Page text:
Race against time… get it? Wordplay! Okay, for serious, my interest in writing a post about race in period pieces is something that branches directly off of my review of the Penny Dreadful premiere. Well, the first season of Penny Dreadful has come and gone, concluding last week, and while it was a great horror show, the iffy race issues from the premiere never went away. Speaking of race, the finale even had a few brief scenes with a one-shot Native American character, rounding out the variety of ethnic minorities barely acknowledged on the show. However, despite it being mentioned that this man had been forcibly acculturated by white, Christian schools and society (something that totally happened historically), he still had stereotypically long “Indian” hair and at one point, when the protagonist gets away from their clutches, the Native American’s companion actually says to him, “You’re Apache, track him!” #MagicIndianSkills
Slight spoiler alert for Penny Dreadful‘s first season to follow.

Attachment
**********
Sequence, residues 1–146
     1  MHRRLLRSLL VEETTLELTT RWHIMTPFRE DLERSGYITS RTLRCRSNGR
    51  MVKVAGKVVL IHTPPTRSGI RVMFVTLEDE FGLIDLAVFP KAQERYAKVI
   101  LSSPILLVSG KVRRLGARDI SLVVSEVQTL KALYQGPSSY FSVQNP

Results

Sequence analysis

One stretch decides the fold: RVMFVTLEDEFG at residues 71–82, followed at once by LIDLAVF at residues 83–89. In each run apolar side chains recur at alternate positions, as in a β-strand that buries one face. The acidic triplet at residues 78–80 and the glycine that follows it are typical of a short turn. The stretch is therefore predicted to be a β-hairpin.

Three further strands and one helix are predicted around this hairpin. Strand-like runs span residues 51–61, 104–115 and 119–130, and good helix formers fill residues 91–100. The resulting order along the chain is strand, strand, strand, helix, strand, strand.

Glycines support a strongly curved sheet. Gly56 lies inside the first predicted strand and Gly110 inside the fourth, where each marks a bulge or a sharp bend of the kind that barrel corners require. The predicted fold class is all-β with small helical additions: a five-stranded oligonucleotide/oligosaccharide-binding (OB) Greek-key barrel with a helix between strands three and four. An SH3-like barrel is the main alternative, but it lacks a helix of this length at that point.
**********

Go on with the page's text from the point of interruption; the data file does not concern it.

There was a “main” character of color in Sembene, an African transplant to Britain… and house servant to the explorer Sir Malcolm Murray. I use “main” in quotations because despite being featured in promotional materials, he was extremely underdeveloped. My prediction was that, being in an urban fantasy/horror show, Sembene would be a trope-y “Magical Negro”, but he wasn’t even developed/interesting enough to really qualify. Literally all he did was open doors and serve as an extra hand/muscle/blade in the fight scenes against spooky vampires. Frankly, I think it was rather misleading at best—and insulting at worst—to feature him so prominently in promotional materials and then not bother to develop him at all. “Ooh look,” producers could say, pointing at a poster for the show, “we’re so inclusive!” No, you do not get any bonus points just for having a character of color in the background of some scenes.